Normally remakes, reboots or reimaginings are met with derision and cynicism, whether it be too soon or just plain unnecessary, people like to complain about covering the same filmic ground again. However, Pete Travis’ Dredd, the latest adaptation of 2000AD’s iconic character, is in the privileged position of following in the footsteps of a terrible mid-90’s actioner starring Sly Stallone as the eponymous Judge and Rob Schneider as comic relief. Not a hard act to follow then…
Unfortunately for Travis, and screenwriter Alex Garland (28 Days Later), this tale of law enforcement trapped in a deadly high-rise being hunted by psychos on every level bears an undeniable resemblance to this year’s frenetically paced Indonesian action film The Raid.
It’s a sad coincidence for Dredd which is a fun ride in its own right but doesn’t have quite the same impact as Gareth Edwards’ martial arts beat ’em up and somehow manages less story than even that film’s slender narrative.
After a very brief set-up, Mega City One’s toughest lawman Judge Dredd (Karl Urban) and psychic rookie Anderson (Olivia Thirlby) report to the Peach Trees district, a menacing tower block overrun by drugs and presided over by sadistic crime boss Ma-Ma (Lena Headey). After apprehending Ma-Ma’s right hand man (Wood Harris, The Wire’s Avon Barksdale), Ma-Ma locks down the whole building and orders 200-storeys worth of violent junkies to make sure the Judges don’t make it out alive.
Cue wall-to-wall carnage for the next 80 minutes as endless goons get blown to pieces by Dredd and his impressive arsenal, made all the more fun by an ingenious plot device in the form of Slo-Mo, the futuristic narcotic that slows down time for its users to 1% of normal time. This clever trick makes for some stunning sequences of oddly serene violence as glass flies, blood sprays and flesh splatters across the screen in super-slo-mo and extreme close-up, bringing a fresh feel to the gory violence.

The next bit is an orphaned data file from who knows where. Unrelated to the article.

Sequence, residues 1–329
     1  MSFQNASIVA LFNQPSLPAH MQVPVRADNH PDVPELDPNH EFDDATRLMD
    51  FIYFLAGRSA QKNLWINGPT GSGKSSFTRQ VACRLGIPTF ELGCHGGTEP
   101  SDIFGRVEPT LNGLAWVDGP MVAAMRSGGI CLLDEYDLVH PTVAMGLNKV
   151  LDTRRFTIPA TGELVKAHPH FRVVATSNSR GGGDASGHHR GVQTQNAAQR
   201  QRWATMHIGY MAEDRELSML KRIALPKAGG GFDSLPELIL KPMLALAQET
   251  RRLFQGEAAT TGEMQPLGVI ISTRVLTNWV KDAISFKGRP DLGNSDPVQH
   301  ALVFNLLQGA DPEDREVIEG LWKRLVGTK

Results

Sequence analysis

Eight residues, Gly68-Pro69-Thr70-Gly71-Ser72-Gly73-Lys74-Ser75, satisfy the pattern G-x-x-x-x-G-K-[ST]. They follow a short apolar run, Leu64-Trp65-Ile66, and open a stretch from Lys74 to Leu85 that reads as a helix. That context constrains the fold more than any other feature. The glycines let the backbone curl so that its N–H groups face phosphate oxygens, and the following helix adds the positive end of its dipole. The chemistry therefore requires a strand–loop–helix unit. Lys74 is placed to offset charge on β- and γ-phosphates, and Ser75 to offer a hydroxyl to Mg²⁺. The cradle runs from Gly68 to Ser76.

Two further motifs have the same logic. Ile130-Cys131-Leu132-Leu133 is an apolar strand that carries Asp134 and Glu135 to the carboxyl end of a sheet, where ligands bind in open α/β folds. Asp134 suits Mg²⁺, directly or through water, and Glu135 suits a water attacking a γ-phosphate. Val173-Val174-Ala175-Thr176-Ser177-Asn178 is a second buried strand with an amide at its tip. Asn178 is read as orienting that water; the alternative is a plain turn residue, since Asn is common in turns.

As well as achieving a look and feel that echoes the source material – as well as some early Verhoeven films – Garland’s script is impressively faithful to the character of Dredd himself, aided by Karl Urban’s selfless performance. Free of the ego and superstar status that lead to Stallone’s Judge whipping his helmet off at any opportunity, Urban gamely gives over to the character, never showing any more than his mouth and chin but still exuding enough gruff, growly charisma to make the character a deadpan hero that stays just on the right side of parody.
With Dredd devoid of any real personality or emotion other than stone faced justice, it’s down to Thirlby’s Anderson to provide something to latch onto here as she has to prove her mettle in the most extreme of circumstances.
So while Dredd is a true adaptation of the source that should erase memories of the previous film incarnation, it never hits quite as hard as it could’ve done. Shot with a grungy cool and loaded with highly-stylised ultraviolence, its brief run time and gleeful violence keeps things from becoming dull but there isn’t enough plot or character to make a really memorable film. Still, Dredd is a welcome antidote to glossy Hollywood action flicks and provides a great reset for the series that hopefully makes enough money to warrant a sequel.